In soils, simultaneously with the mineralization of organic nitrogen-containing substances, there is a process of transition of mineral nitrogen compounds into organic forms inaccessible to plants. Additionally, the content of mineral nitrogen in the soil decreases as a result of denitrification, which develops under anaerobic conditions. In this case, nitrate nitrogen is reduced by microorganisms to free nitrogen gas, which is lost from the soil. Nitrogen is also lost as a result of leaching of nitrates, especially from light soils, by precipitation and drainage waters.
Studies have established that 35-55% of nitrogen, depending on the form of the applied fertilizer, is absorbed by agricultural crops on sod-podzolic and gray forest soils, 25-45% is fixed in the soil and 0.1% is lost during leaching, which is not essential in the nitrogen balance of heavy loamy soils. With the help of 15N Ammonium chloride (15NH4Cl), the horizontal movement of nitrogen in the soil and its concentration in the root zone were established. Forecasting the effect of nitrogen fertilizers(15-N ammonium chloride) based on agrochemical analysis of soils has not yet yielded tangible results..
The nitrogen supply of plants largely depends on the seasonal dynamics of the processes of ammonification and nitrification, which can cause sharp differences in the supply of crops with this element on the same soil. Therefore, it is not possible to characterize soils by the content of mobile nitrogen based on mass analysis data, as by the content of mobile phosphorus and potassium compounds.
The predominant part of soil nitrogen (95-98%) is found together with carbon in the composition of organic matter. Organic nitrogen in the soil, having sufficient stability, maintains its fertility, remaining inaccessible to plants. In this regard, the German scientist Schultz wrote: “If we do not talk about water, then nitrogen is the most powerful engine in the processes of development, growth and creativity of nature. To catch it, to master it is the task, to save it is the key to the economy, to subdue its source, which beats with inexhaustible energy– is the secret of well-being.”
3) Development of new and improvement of existing research methods using 15N.
The nitrogen contains 99.635 at%. 14N and 0.365 at% 15N. However, for soils, the nitrogen content with a mass of 15 can range from 0.3651 to 0.3729 at%.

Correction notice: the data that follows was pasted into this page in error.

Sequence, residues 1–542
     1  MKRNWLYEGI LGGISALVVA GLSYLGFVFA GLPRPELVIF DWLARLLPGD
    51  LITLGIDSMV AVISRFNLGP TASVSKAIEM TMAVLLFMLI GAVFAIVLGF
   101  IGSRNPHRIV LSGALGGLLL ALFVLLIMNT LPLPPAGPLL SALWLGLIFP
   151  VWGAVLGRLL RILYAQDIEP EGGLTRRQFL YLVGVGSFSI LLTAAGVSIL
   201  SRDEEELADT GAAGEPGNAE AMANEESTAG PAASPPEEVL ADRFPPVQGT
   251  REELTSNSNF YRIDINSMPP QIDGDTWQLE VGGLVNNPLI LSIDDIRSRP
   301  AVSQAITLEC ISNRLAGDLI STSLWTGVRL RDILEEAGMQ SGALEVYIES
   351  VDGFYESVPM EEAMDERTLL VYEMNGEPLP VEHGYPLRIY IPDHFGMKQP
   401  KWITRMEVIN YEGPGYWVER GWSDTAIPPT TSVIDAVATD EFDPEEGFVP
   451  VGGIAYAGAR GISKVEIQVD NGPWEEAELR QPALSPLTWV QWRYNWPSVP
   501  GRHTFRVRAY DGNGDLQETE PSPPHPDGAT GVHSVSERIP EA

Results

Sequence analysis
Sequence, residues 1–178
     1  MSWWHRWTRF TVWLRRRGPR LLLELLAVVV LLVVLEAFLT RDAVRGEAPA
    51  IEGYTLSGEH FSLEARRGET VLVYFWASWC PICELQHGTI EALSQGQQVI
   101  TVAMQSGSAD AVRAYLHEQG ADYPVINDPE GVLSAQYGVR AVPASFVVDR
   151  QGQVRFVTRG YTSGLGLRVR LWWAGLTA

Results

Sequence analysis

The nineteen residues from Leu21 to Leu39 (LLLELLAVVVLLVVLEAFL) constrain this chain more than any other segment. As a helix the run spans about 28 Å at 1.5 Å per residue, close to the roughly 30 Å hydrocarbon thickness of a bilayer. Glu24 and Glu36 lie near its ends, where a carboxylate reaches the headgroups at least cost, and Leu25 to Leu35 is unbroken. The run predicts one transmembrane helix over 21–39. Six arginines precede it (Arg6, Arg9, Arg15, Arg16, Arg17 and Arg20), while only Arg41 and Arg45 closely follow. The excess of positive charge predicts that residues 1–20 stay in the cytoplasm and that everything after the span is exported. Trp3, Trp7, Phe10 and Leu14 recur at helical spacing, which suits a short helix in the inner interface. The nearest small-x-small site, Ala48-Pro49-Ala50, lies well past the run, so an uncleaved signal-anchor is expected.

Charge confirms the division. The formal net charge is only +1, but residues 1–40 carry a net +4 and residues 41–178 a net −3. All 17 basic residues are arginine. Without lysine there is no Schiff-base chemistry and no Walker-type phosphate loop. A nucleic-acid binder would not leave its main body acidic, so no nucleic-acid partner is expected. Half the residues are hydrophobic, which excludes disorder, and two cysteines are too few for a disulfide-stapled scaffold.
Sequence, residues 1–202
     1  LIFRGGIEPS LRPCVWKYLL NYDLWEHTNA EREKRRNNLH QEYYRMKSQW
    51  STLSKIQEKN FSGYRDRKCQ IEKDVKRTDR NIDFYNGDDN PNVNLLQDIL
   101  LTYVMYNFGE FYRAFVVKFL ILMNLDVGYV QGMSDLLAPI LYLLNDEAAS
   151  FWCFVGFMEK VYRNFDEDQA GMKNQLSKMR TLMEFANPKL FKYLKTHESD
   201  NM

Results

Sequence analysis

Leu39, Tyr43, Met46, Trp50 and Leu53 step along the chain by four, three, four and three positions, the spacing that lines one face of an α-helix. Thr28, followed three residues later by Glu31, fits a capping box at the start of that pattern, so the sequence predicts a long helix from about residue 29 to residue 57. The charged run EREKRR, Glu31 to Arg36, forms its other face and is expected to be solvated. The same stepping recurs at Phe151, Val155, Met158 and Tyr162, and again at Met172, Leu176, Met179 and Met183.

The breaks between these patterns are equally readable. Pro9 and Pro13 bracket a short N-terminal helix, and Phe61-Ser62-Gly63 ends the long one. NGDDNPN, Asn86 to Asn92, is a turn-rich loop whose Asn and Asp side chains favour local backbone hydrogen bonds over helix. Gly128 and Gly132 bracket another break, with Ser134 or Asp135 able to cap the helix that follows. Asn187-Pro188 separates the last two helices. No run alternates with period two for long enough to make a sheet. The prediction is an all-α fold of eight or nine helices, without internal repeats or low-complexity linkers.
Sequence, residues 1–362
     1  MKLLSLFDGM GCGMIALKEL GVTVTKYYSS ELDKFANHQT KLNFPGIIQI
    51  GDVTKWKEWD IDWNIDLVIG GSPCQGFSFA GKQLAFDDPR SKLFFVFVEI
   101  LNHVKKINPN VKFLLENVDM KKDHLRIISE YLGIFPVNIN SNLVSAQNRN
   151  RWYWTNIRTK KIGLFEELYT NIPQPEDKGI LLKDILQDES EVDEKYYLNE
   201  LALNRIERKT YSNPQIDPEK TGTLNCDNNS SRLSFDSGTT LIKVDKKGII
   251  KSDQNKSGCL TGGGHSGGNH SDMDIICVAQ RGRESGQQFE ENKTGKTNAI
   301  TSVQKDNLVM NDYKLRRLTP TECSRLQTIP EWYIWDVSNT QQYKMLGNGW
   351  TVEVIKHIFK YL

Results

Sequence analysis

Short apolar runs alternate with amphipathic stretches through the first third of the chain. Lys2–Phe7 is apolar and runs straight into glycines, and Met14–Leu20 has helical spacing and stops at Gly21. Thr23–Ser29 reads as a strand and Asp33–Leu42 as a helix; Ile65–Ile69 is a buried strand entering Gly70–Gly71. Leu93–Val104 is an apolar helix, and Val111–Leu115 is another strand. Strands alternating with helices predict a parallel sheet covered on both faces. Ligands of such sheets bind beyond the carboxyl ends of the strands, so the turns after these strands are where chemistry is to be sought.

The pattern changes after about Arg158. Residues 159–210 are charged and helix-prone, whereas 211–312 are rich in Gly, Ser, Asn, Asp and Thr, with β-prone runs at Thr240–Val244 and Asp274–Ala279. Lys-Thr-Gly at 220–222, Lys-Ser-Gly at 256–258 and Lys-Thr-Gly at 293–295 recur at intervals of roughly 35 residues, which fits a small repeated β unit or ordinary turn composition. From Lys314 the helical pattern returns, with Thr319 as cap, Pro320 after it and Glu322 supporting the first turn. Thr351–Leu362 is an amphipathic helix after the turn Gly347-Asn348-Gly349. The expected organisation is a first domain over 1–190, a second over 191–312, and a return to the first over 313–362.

In agrochemical studies, labeled compounds are used in which the content of 15N such as 15N ammonium chloride (15NH4Cl) is from 10 to 99 at%Depending on the purpose and objectives of the study, a less enriched compound can be obtained from highly enriched salts by adding unlabeled compounds of the same chemical composition. For example, having a salt 15NH4Clwith an enrichment of 15N 50 at%, it is possible to obtain a salt with an enrichment of 25 at%. To do this, take equal weights of labeled and unlabeled salt, dissolve in distilled water, and then gently evaporate and dry or use for experiments in the form of a solution. Salts enriched with a heavy nitrogen isotope are obtained in industrial conditions at special installations.
In experiments, the minimum allowable amount of enrichment of nitrogen fertilizer(15N ammonium Chloride) with the isotope 15N is determined, taking into account the possible dilution of the label due to soil nitrogen or nitrogen of the nutrient solution (in water and sand crops). The dilution of the 15N nitrogen isotope label of fertilizers (N15 ammonium chloride) in plant nitrogen in vegetation and field experiments usually does not exceed 10. In agrochemical studies conducted to determine only the coefficients of the use of nitrogen fertilizers by plants, their initial enrichment of 15N is about 5 at%, to study the peculiarities of the conversion of nitrogen fertilizers (15N ammonium Chloride) in the soil and its balance in the soil-plant system – 10-15 at% in experiments on sod-podzolic soil and 20-30 at% on humus and nitrogen-rich soils.
Labeled 15N nitrogen fertilizers (15N Ammonium chloride salt) of the desired enrichment are introduced into the soil in the doses generally accepted for nitrogen. In vegetation experiments, depending on the culture, it is 100-200 mg/ kg of soil. In field experiments, nitrogen fertilizers labeled with 15N (15N ammonium chloride, 15NH4Cl) are not used on the entire area of the plot (100-200 m2). On the experimental plot, a platform is allocated – a frame made of polyethylene film or a vessel without a bottom with an area of 0.1-0.25 m2 and a height of 30-50 cm is inserted. Labeled fertilizers are applied only to the soil of this microdot or vessel, and ordinary nitrogen fertilizers are applied to the rest of the area in the same dose. For nitrogen content analyses, soil and plants are taken from a vessel, crop accounting is carried out on the remaining part of the plot.
By introducing a 15N-labeled salt (15N-Ammonium chloride) into the medium from which plant roots absorb nutrients, it is possible to trace the movement and accumulation of a heavy nitrogen isotope, i.e. nitrogen of the introduced salt, in various organs and compounds of plants, for example, in grain protein. Using 15N labeled ammonium chloride, it is possible to obtain data on the amount of nitrogen consumption of fertilizers by plants, on the amount of its fixation in the soil and losses due to leaching and volatilization in the form of gases.
Methods for determining the concentration of 15N stable isotope are based on measuring the isotopic composition of the sample under study. They are completely different from those used when using radioactive isotopes; large dilutions cannot be used. However, when working with stable isotopes, special precautions are not required, as when using radioactive isotopes, there are no dangers regarding their influence on biological processes.